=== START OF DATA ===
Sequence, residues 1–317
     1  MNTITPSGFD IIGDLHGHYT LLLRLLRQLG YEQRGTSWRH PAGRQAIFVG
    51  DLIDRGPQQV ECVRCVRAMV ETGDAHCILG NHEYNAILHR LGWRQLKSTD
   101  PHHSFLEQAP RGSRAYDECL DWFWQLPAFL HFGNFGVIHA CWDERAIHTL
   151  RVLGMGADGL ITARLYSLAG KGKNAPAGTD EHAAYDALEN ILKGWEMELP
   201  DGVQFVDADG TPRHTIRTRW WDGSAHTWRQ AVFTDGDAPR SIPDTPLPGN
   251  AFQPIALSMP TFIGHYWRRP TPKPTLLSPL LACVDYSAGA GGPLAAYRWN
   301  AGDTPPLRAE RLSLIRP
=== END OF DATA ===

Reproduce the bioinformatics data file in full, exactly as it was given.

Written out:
Sequence, residues 1–317
     1  MNTITPSGFD IIGDLHGHYT LLLRLLRQLG YEQRGTSWRH PAGRQAIFVG
    51  DLIDRGPQQV ECVRCVRAMV ETGDAHCILG NHEYNAILHR LGWRQLKSTD
   101  PHHSFLEQAP RGSRAYDECL DWFWQLPAFL HFGNFGVIHA CWDERAIHTL
   151  RVLGMGADGL ITARLYSLAG KGKNAPAGTD EHAAYDALEN ILKGWEMELP
   201  DGVQFVDADG TPRHTIRTRW WDGSAHTWRQ AVFTDGDAPR SIPDTPLPGN
   251  AFQPIALSMP TFIGHYWRRP TPKPTLLSPL LACVDYSAGA GGPLAAYRWN
   301  AGDTPPLRAE RLSLIRP